In 2014 I had the immense honor of working with a family in the creation of a funerary urn for two brothers.The family approached me with a wish for a consultation, desiring an intimacy they had found was lacking in the practices of conventional funerary establishments. Humbled and again, deeply appreciative for the opportunity to work with them on a memorial vessel, we proceeded in a process full of fundamental questions and reflection. Their willingness to share their personal experience of loss directly guided my creative process and the intent I employed in constructing of the urn.

In designing this urn, we spoke of representing the memory of these brothers by making it personal to them. Each aspect we spoke of was carefully crafted by hand to form an uplifting monument. The urn the Barbre brothers share is an homage to their impressions on this world, a place for them to rest in honor.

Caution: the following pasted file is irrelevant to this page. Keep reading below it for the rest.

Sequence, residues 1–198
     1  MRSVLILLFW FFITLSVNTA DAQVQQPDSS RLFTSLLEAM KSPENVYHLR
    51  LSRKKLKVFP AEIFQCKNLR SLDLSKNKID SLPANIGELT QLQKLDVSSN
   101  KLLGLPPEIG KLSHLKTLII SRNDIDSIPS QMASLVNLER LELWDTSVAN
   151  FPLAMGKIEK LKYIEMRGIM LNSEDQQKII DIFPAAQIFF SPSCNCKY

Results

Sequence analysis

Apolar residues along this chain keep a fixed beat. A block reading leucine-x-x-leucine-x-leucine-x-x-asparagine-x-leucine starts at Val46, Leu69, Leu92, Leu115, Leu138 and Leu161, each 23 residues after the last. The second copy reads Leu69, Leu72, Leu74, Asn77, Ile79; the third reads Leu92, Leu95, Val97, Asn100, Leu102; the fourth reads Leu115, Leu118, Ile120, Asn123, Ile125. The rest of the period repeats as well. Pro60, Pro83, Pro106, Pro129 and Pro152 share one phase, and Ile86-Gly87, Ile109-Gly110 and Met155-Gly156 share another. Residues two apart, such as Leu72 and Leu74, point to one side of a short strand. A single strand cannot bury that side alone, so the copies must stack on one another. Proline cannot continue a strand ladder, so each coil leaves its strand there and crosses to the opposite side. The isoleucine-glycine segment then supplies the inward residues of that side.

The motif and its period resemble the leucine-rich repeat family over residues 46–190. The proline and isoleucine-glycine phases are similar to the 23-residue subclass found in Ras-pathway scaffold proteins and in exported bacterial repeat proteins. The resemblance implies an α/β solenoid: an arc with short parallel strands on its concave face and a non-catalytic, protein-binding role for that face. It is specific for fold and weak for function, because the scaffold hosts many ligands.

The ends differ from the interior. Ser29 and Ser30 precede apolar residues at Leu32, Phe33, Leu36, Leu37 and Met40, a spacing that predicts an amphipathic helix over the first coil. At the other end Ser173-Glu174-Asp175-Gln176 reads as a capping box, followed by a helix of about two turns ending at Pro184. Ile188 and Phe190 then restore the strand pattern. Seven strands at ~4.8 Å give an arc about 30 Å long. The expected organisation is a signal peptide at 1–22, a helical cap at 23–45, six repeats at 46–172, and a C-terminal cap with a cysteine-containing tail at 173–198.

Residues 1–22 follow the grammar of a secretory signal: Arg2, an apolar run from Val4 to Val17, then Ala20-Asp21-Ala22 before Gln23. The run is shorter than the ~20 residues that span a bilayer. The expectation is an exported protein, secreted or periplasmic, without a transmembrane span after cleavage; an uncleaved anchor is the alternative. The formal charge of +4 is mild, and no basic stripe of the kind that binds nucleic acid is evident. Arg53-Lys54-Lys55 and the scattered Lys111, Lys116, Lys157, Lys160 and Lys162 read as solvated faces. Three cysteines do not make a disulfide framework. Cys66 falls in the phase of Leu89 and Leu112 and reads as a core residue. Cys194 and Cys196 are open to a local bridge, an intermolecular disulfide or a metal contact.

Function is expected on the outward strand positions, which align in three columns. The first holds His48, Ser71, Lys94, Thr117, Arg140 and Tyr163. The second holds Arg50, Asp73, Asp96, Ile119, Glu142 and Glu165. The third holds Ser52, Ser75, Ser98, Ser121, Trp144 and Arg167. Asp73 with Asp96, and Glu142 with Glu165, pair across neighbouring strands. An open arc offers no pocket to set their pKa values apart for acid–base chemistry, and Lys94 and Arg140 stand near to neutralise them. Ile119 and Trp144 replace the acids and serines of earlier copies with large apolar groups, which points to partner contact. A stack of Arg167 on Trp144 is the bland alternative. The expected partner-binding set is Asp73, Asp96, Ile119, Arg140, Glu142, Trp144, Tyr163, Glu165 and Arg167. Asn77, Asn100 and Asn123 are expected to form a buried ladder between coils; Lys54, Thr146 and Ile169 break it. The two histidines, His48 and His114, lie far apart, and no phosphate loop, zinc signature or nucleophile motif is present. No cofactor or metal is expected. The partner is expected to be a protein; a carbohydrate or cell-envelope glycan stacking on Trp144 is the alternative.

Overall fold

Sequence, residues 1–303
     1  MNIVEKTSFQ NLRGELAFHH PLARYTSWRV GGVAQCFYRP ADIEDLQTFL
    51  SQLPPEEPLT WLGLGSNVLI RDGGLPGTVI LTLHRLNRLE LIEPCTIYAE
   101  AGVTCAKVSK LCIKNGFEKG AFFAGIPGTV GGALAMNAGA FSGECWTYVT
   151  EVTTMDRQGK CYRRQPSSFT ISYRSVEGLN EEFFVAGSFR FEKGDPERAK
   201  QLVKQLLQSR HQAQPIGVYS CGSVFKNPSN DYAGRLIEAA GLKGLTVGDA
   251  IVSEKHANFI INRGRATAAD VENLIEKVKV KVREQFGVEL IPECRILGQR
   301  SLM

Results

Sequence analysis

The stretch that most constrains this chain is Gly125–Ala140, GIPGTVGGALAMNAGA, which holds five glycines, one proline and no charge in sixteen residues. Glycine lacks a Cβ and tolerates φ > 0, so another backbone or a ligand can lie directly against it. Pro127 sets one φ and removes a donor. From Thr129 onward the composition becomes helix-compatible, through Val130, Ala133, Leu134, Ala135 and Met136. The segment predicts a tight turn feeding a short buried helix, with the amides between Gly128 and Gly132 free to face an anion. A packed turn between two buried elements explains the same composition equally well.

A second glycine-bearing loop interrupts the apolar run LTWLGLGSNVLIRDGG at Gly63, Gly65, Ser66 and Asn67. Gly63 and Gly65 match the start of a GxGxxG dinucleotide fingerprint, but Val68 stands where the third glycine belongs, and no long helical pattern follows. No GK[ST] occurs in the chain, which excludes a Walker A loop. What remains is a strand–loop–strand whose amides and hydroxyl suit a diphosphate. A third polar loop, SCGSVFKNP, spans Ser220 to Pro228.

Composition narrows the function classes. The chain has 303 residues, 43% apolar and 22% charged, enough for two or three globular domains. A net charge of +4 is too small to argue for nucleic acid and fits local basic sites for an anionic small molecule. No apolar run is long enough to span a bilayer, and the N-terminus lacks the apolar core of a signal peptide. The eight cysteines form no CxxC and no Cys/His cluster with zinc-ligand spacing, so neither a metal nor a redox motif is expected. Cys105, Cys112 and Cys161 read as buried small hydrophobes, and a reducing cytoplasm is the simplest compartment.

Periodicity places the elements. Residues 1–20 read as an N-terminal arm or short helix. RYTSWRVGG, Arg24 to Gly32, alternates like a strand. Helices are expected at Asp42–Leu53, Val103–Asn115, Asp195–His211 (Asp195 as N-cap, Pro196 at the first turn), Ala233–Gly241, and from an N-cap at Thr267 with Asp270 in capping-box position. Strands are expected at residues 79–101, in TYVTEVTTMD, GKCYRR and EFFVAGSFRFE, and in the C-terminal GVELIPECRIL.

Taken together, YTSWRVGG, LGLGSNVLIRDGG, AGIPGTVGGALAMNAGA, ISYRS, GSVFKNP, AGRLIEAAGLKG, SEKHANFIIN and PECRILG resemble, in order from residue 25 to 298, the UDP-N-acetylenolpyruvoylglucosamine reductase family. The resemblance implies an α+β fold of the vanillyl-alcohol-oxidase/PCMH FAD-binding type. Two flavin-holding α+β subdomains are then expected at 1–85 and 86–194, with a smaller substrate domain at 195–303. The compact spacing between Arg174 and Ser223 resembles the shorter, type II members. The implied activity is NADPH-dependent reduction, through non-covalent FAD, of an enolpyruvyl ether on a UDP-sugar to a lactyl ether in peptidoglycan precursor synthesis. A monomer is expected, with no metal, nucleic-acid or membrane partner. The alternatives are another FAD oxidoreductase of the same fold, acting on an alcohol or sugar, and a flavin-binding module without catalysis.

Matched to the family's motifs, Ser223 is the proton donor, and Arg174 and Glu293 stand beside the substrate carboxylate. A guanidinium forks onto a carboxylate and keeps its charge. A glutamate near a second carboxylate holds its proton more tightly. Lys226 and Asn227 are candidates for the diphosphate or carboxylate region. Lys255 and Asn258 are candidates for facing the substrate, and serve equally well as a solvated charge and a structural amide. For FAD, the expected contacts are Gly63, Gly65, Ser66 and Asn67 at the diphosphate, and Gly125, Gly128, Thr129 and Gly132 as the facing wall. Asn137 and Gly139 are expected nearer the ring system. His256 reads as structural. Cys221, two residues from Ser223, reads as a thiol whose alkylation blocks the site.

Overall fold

The process of making this urn was an extraordinary privilege for me. The time I spent crafting it became a sacred space in which to reflect on fear of mortality and the meaning of objects through the artist’s lens. As artist Todd Jannausch so succinctly remarked as we discussed the making of funeral vessels, “it’s a very uncomfortable place to be, but a very important place to be.”


Blackened mild steel and cast glass
Cast glass by Scott Chico Raskey
Patina by Mario Butkovik

All photography by Carlos Melgoza of Vision Sect